Social Stigma: The Family Institution

The family institution is arguably the most important and valued, owning to its socialization significance and history, but it is not without flaws. The traditional understanding of families is gradually vanishing, but some old concepts, such as their patriarchal nature, remain, as other institutions uphold them. As a result, what happens in the family may be considered a private issue, even if it is life-threatening, and the attempts to make it known could be met with hostility. The stigma exists despite families being different, although it should have no place in the modern world.

As already mentioned, one of the reasons society treats families as separate entities from itself could be a persisting idea that familial affairs are private, which is a result of extreme individualism and religious influences. In families where religion is important, it can hinder a woman’s ability to leave her partner, as it is shameful, and the husband’s misdemeanor should be a secret from the public (Westenberg, 2017). Even less attention is given to cohabitating relationships, which have an increased risk of domestic violence (Manning et al., 2016). Thus, it is important to combat the idea that a family exists independently from society and its laws. Everyone deserves their privacy, but if it is at the expense of another person’s life and health, they should face appropriate punishment.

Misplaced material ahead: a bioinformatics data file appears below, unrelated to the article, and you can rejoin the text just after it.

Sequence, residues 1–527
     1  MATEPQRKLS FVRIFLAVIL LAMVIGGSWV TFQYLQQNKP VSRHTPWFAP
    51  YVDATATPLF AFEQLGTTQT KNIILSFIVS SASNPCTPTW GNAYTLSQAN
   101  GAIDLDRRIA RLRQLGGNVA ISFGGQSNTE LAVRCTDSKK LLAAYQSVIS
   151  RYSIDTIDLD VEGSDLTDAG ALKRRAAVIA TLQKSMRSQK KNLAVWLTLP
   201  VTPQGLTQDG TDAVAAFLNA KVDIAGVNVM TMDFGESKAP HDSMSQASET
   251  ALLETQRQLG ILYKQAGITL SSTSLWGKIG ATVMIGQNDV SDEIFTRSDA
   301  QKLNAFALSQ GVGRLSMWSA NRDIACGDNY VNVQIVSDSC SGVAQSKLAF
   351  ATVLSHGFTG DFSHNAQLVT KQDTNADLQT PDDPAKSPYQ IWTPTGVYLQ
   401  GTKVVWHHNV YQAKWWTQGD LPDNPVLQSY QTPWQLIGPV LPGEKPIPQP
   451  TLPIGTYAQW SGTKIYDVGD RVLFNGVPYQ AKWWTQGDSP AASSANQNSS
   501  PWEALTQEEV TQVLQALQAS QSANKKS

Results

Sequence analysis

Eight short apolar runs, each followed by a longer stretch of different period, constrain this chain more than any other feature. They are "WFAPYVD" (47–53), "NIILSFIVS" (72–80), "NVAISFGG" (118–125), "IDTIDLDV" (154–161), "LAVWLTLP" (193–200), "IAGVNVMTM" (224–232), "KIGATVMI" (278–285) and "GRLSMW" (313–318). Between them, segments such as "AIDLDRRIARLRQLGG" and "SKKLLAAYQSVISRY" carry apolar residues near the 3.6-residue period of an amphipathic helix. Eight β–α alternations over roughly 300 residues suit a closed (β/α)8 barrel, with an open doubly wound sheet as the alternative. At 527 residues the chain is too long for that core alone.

Victim-blaming as far as families are concerned could have many reasons, ranging from patriarchal views to ageism. For instance, if it is a child suffering from abuse, which is a common occurrence, some may believe that it is justified because parents are always right. However, that idea cannot vanish overnight; it requires other institutions, such as education, religion, and mass media to promote the unacceptability of violent actions against children, the necessity of asking for help, and outside intervention. The same is true for spousal violence, whose causes could be traced to husbands refusing to accept new roles, and the old ones are associated with not treating abuse seriously (Stanziani et al., 2019). If other institutions reflect the shift and prepare individuals for multifaceted functions, such situations can become avoidable, and the stigma may transform into compassion. None of those suggestions are achievable without society recognizing the problem and trying to address it. A family alone cannot change much, but as communities start uniting and supporting each other instead of ignoring the issue, they will eventually come to the solution.


Manning, W. D., Longmore, M. A., & Giordano, P. C. (2016). Cohabitation and intimate partner violence during emerging adulthood: High constraints and low commitment. Journal of Family Issues, 39(4), 1030–1055.

Stanziani, M., Newman, A. K., Cox, J., & Coffey, C. A. (2019) Role call: sex, gender roles, and intimate partner violence. Psychology, Crime & Law, 26(3), 208-225.

Westenberg, L. (2017). “When she calls for help”—Domestic violence in Christian families. Social Sciences, 6(3), 71-81.